“Peak Content” should act as call-to-arms on content marketing – Make it count

As studies point to a decline in engagement rates, the focus should not be about the quantity of content marketing output; it should always be on quality.

Engagement rates are on the wane, according to a major study, which may cause a few brands to assess their content strategies, but the supposed phenomenon about “Peak Content” being an interesting theory.

In short, is there now so much stuff on the Internet that we’ve passed the point at which the world’s online content consumers can realistically discover, read/watch/listen and share, thus engagement rates have tailed off as our attention is spread over trillions of pages?

But if the amount of content per brand increased 78% in a single year then surely this point would come: there’s simply too much stuff, and a lot of it is probably rubbish.

The problem with engagement rates

Engagement can be a deceptive metric and sometimes something of a vanity metric, plus with the growth of so-called “dark social” apps such as WhatsApp and Snapchat, perhaps culturally people find it easier to share content privately.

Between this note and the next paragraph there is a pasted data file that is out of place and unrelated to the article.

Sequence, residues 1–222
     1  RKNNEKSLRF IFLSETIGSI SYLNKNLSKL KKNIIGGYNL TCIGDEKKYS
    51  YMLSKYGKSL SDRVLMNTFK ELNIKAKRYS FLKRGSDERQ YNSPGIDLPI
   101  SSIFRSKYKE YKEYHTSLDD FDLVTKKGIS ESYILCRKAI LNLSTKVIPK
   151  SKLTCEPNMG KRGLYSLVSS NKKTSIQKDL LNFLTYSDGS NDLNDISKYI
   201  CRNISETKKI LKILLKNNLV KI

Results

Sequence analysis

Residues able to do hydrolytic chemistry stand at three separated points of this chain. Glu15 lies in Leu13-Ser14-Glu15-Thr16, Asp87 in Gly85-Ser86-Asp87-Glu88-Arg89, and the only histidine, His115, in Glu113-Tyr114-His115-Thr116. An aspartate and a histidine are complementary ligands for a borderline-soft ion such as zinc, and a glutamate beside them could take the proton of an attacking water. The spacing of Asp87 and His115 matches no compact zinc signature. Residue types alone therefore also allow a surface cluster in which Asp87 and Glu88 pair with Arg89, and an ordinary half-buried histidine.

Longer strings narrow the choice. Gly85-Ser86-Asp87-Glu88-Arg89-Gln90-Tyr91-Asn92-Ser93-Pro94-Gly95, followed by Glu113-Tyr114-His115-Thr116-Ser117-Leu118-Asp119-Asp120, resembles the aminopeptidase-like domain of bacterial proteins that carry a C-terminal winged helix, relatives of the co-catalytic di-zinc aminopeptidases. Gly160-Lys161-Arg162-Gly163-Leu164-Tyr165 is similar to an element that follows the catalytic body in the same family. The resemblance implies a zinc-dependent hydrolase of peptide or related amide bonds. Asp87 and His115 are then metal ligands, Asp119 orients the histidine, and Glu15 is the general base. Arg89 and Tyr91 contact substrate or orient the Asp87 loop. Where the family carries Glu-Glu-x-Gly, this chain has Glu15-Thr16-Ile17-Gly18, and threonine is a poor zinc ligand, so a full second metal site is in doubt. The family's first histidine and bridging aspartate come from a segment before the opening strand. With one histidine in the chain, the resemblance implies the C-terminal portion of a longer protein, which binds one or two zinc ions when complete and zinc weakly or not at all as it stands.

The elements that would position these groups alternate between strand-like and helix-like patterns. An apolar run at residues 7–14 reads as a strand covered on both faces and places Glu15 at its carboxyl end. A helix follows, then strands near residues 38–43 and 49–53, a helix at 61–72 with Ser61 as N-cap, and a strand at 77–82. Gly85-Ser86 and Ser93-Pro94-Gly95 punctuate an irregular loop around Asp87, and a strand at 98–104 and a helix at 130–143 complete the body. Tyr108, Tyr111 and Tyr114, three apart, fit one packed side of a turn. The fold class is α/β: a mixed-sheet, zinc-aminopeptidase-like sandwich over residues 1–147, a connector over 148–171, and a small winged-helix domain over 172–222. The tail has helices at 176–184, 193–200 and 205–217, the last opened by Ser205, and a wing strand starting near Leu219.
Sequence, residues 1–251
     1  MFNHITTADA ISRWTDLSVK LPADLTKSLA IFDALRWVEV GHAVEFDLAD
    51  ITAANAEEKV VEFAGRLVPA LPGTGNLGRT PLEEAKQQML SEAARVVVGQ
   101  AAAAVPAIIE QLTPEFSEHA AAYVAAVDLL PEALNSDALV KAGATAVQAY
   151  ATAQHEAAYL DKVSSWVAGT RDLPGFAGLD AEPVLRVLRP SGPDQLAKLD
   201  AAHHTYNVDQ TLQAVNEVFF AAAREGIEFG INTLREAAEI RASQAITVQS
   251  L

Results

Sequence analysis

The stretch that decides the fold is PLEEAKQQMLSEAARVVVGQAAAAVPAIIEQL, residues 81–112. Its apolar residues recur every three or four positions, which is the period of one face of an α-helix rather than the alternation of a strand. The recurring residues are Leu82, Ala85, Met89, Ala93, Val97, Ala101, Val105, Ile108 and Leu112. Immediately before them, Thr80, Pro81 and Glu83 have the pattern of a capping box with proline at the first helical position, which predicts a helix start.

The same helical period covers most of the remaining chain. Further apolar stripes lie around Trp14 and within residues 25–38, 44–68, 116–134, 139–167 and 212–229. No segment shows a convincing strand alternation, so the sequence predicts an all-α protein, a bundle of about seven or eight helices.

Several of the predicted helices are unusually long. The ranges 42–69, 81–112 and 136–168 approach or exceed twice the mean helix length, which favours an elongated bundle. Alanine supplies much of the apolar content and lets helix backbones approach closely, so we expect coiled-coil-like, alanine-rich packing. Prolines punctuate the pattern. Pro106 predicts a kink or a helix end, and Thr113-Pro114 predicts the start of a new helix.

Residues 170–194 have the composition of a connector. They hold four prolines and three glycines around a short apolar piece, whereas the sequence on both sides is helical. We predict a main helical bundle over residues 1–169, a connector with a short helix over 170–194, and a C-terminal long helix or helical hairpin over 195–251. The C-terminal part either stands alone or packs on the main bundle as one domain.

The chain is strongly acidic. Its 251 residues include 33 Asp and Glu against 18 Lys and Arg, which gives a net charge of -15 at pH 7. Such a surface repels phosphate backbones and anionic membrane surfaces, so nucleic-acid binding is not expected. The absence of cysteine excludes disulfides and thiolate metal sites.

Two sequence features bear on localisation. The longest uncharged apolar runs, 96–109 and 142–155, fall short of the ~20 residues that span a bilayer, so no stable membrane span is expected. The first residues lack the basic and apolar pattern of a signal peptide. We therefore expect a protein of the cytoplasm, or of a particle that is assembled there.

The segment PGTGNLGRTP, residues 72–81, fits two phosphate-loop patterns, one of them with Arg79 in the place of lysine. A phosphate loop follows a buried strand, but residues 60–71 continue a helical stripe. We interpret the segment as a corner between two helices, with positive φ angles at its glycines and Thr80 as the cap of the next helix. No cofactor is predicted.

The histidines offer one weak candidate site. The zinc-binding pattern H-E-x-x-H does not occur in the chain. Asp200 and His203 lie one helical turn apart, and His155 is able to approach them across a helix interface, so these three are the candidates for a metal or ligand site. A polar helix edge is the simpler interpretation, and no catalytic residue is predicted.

Also add to that concerted efforts by Facebook to diminish organic visibility of Page content while pushing brands to pay for access. This is why Paid Media training is so important.

What I’d want to know is the outcome data:

  • Are audiences clicking through?
  • How long are they staying?
  • Are they answering calls to action and giving the organisation permission to speak to them directly by following it on social, RSS or via email sign-up?
  • How long did they watch the video before dropping off?

These to me are among the most important metrics of “engagement”, because I know that individuals have actually consumed the content and perhaps taken an action rather than perhaps retweet without even reading. We’ve all done that.

In short, less is more. Is it time you had a content audit and killed off some old content to help speed up your website (Google loves a speedy-loading site when it decides where to rank them)? Let’s get stick to content marketing best practice and remain relevant, interesting and to-the-point for our time-pressed target audiences.

As my former colleague Stephen Waddington says; “There’s enough crap on the Internet already, don’t add to it.”

If you’re interested in improving your online content, we can help you form a content strategy, and we also provide training on Writing for the Web, and SEO training for PR professionals and agencies.

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